The first paper examines the connections between child maltreatment, intimate partner violence and parenting, while the second looks at the policy and practice implications of this.
Both papers were researched and published by the New Zealand Family Violence Clearinghouse at The University of Auckland’s School of Population Health, and funded by the Families Commission.
“We have reviewed the evidence on the frequency that intimate partner violence and child maltreatment co-occur, and explored some of the ongoing negative impacts of this exposure on children and young people’s health and education, and on their social and economic wellbeing,” says the co-director of the New Zealand Family Violence Clearinghouse, Associate Professor Janet Fanslow.
“These include negative outcomes resulting from the disruption of the mother-child relationship and the undermining of women’s health and ability to parent effectively,” she says. “Links between intimate partner violence and poor fathering are also explored.”
“The research shows that children can recover from the adverse effects of exposure to intimate partner violence and can thrive and create safe, stable, abuse-free lives, but are less likely to recover if we don’t actively work to address the effects of violence More active, interlinked efforts to address these problems are required, ” says Dr Fanslow.
“Specialist services need to be available for children who have been exposed to intimate partner violence,” she says. “Supporting children’s relationships with the non-abusive parent can also transform practice, and help create better outcomes for children.”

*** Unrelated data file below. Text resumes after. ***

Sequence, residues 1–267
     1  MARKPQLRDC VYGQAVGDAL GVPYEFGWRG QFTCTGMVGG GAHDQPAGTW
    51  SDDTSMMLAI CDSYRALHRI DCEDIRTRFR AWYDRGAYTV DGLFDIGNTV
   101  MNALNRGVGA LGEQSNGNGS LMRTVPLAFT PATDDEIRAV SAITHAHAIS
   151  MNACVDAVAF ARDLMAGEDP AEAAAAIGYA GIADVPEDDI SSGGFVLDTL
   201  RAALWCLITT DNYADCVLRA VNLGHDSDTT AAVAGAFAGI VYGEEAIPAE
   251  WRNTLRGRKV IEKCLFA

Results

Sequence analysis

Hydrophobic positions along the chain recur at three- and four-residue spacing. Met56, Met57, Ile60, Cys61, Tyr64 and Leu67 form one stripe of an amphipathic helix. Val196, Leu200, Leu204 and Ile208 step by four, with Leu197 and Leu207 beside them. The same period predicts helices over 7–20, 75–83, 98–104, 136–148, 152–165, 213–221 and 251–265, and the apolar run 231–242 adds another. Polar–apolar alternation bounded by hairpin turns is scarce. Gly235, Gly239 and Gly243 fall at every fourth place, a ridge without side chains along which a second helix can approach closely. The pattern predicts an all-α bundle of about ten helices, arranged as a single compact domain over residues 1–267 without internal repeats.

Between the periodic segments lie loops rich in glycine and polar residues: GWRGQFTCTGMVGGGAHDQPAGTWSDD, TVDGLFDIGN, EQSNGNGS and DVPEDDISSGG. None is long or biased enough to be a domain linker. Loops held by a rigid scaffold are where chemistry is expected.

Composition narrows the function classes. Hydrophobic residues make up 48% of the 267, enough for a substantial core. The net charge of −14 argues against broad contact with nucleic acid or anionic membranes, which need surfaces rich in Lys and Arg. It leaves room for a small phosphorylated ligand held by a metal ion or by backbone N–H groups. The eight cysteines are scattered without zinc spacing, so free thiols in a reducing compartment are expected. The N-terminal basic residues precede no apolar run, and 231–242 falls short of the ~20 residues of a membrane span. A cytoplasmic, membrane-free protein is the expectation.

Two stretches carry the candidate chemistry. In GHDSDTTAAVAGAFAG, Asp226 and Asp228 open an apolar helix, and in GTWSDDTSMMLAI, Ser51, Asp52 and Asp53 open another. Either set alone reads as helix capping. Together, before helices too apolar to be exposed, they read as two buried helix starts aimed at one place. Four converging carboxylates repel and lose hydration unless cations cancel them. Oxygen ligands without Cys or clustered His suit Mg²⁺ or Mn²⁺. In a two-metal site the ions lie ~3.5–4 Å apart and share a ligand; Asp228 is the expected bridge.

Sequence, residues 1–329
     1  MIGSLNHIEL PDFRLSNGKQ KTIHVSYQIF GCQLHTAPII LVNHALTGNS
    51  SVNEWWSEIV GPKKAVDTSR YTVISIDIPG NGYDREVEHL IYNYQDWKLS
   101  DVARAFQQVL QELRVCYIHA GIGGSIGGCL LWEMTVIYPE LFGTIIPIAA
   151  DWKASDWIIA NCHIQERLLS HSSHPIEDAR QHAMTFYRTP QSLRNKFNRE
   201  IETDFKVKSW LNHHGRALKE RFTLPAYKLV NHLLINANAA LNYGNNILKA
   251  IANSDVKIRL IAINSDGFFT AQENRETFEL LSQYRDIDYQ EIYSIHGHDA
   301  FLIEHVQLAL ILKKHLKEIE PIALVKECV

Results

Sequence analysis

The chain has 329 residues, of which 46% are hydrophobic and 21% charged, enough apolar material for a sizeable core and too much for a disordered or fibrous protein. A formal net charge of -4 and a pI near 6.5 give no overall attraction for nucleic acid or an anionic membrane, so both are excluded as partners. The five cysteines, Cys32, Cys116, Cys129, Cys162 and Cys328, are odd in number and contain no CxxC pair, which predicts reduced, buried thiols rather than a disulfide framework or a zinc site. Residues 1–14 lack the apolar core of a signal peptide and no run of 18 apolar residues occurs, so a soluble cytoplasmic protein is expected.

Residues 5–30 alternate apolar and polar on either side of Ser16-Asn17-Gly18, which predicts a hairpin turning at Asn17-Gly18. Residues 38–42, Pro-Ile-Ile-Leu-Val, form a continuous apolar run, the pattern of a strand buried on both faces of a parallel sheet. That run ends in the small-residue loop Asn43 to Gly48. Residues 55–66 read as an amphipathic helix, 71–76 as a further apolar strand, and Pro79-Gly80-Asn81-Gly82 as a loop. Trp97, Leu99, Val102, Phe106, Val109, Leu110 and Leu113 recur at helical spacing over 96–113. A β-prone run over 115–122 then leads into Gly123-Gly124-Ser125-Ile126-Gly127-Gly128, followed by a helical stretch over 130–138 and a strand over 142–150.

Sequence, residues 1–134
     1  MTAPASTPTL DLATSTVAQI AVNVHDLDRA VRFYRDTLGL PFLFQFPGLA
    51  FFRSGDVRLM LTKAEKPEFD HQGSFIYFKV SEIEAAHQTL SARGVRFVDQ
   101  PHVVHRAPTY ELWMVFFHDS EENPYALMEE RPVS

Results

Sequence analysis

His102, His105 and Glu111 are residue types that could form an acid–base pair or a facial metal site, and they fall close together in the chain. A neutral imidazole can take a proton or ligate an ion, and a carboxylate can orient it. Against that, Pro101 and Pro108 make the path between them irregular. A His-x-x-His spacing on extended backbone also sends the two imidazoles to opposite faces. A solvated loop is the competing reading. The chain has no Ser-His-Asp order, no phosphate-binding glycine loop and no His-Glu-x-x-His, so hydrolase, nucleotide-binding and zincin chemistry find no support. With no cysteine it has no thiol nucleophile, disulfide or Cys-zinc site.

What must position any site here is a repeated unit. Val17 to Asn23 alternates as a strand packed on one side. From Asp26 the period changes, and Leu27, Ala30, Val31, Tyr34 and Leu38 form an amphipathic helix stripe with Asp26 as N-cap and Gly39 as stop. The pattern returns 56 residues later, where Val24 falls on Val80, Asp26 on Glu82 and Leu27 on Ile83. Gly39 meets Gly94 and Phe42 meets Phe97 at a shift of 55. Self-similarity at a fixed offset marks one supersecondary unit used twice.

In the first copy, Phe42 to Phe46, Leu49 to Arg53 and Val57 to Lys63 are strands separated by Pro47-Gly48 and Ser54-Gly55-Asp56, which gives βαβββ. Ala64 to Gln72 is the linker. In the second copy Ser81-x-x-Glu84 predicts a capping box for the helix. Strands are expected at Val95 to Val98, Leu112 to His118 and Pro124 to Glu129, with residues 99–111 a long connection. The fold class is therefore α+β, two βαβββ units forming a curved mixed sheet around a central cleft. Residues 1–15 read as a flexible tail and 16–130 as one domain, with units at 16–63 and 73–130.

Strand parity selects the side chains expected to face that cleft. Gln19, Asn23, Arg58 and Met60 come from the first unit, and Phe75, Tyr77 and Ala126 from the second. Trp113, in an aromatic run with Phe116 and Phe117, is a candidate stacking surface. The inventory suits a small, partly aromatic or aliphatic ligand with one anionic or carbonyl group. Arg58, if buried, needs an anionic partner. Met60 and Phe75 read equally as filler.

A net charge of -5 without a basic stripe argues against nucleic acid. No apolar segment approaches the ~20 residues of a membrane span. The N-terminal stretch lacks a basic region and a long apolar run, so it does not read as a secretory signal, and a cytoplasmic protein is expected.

“We need adequately resourced services to support children, adult victim/survivors and perpetrators. These services need to work in co-ordinated and collaborative ways, as part of multi-agency response systems, and work from a sophisticated understanding of intimate partner violence,” says Dr Fanslow.
Parenting programmes for fathers who have used violence needed to emphasise the need to end violence against their children’s mothers, she says.
“Making changes to support these practices requires better training about the dynamics of intimate partner violence in key services like child protection and family law, and more sustained efforts to support collaborative multiagency responses within communities,” says Dr Fanslow.
One of the world’s leading authorities on children’s exposure to intimate partner violence, Professor Jeffrey L. Edleson, is coming to New Zealand in June.
Professor Edleson, PhD, is Dean and Professor in the University of California, Berkeley School of Social Welfare. He will be speaking at a one-day conference co-hosted by the Families Commission and the New Zealand Family Violence Clearinghouse on 5 June 2013 in Wellington, Children, child maltreatment and intimate partner violence: Research, policy and practice.
For more information, see http://www.nzfvc.org.nz/node/947.
The University of Auckland